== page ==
NOTE TO BLOG VISITORS - I am not currently doing noodle restaurant visit reports, but focusing on diving more deeply into noodle research, so this blog will be updated less frequently. For the latest Asian noodle news, and features from external sources, follow

Friday, June 20, 2014

A Spicy Beef Noodle Week Continued: Bun Bo Hue From Tin Vietnamese Restaurant


It was Friday and that Pavlovian bell rang, but I recalled again that the reputedly peerless "only on Friday" bun bo Hue at Ha Nam Ninh may be becoming a dim memory, so I went to my bucket list and picked off Tin Vietnamese restaurant on Howard Street. Tin's location (and suspected gentrification role) as well as its menu descriptors suggested that this was a "gateway" restaurant, but it had ended up on my bucket list based on the recommendations of two people whose knowledge of Vietnamese food I highly trust. I only had to jump on the #30 Bus and I would be right there, and they had bun bo Hue on the menu. 


Tin's menu is laudably modest, suggesting that they stick to dishes they know they do well. From the eight-item "Noodles With Broth" section of the menu, I ordered my BBH and a mini-pot of Red Blossom Tea's excellent Tung Ting oolong tea to accompany it. While I was waiting for my soup, the little garnish dish arrived containing, in this instance, jalapeno slices, bean sprouts and shredded cabbage. Why do they always bring the garnishes well ahead of the soup, I wondered. Do people munch on them? I was; in fact, gnawing at some cabbage shreds as these thoughts went through my mind.

When the soup arrived I inventoried the contents. It seemed a classic broth, red with chili and containing chopped cilantro and spring onions, onion slices and Vietnamese flora that I am not on a first name basis with. It tasted meaty with lemon-grassy undertones, and a little shy of spicy (though addition of the jalapeno slices brought it to the nasal drip-inducing stage).  As I expected, there were no blood cubes adorning the bowl (hard to come by, even in the Tenderloin).  As advertised, there was both rare, thinly sliced beef, and equally thinly sliced beef shank. Instead of a pig's knuckle, however, there were slices of pork pate (pork "bologna" on the menu).  No blood nor bones were to be found in my bun bo Hue.

Overall, there were generous portions of the proteins, and everything (both meat and veggies) appeared to be fresh. the only thing that marred a strong, if slightly eccentric, bun bu Hue were the noodles. They were the right size, and in the right proportion to the broth, but on this occasion overcooked and too soft for my taste -- a fault easily avoided with due diligence.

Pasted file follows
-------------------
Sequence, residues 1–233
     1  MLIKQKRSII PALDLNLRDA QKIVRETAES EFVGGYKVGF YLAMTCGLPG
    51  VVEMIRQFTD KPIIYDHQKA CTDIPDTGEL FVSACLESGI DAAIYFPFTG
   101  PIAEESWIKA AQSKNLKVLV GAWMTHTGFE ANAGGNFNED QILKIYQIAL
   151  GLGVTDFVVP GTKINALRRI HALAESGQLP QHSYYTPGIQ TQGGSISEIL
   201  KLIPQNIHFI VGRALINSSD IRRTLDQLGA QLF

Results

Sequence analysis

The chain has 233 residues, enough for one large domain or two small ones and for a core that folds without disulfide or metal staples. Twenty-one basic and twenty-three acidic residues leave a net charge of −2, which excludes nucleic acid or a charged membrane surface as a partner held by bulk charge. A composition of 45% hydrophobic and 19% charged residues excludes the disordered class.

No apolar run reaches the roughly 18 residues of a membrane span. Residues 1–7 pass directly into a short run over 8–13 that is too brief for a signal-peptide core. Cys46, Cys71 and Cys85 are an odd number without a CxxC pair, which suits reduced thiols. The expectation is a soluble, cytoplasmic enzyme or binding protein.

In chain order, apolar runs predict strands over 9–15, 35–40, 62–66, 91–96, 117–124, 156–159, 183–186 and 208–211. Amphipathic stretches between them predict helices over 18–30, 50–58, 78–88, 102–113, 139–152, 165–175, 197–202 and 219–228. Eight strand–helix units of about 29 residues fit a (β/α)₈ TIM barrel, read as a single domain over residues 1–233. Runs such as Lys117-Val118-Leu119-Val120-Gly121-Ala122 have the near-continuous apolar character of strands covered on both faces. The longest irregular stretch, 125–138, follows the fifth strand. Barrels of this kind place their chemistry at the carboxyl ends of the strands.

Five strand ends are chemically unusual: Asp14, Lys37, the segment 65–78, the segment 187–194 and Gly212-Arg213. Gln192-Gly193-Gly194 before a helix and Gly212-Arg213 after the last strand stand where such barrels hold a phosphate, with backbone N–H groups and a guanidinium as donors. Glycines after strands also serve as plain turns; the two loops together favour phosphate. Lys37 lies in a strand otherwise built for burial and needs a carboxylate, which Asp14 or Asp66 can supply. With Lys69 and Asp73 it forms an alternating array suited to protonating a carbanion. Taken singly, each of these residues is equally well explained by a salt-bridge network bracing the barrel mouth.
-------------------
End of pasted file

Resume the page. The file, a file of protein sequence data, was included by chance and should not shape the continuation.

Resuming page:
Where slurped: Tin Vietnamese, 937 Howard St. nr. 6th St., San Francisco

Wednesday, June 18, 2014

Slurp Du Jour: Spicy Hand-pulled Beef Noodles at Xi An Gourmet


I've been accused of being fixated on Terra Cotta Warrior on account of the number of noodle-ish dishes I've reported on from there, and it's true I was (and might still be) Mayor of TCW on Foursquare. But when it comes down to a basic bowl of hand-pulled wheat noodles, my heart belongs to the more homely Xi An Gourmet.

Case in point: today's bowl of "Spicy Beef Soup Nooodles" (in Chinese on Xi An Gourmet's Hand-Pulled Noodles  menu as Chuan wei niu rou mian). The bowl was large, the noodles muscular and chewy, the broth dark and beefy with a meal's worth of tender braised beef brisket. and enough cilantro and Chinese mustard to let me know I was getting my vegetables.  What more could I want for $6.99? Also available in lamb.


Where slurped: Xi An Gourmet, 3741 Geary Blvd. at 2nd Avenenue, San Francisco


Thursday, June 12, 2014

Sure It's The Same Old Shalala: Mountain View Standout Opens SF Japantown Outpost


When Chowhound.com ramen guru Melanie Wong spotted the "Shalala" sign going up at the storefront on the Buchanan St. mall vacated by Sushi Aka Tombo, she wondered if it was related to the highly regarded Ramen Shalala in Mountain View. The paper trail she followed indicated it was indeed under the same ownership, and that gave me a reason for checking it out at the earliest opportunity. I had a second reason, or so I thought, in the word "Kuro" which I spotted on the posted menu when I buzzed by the previous Saturday on my way to the Northern California Tofu Festival (hey, I'm an omnivore, you know?)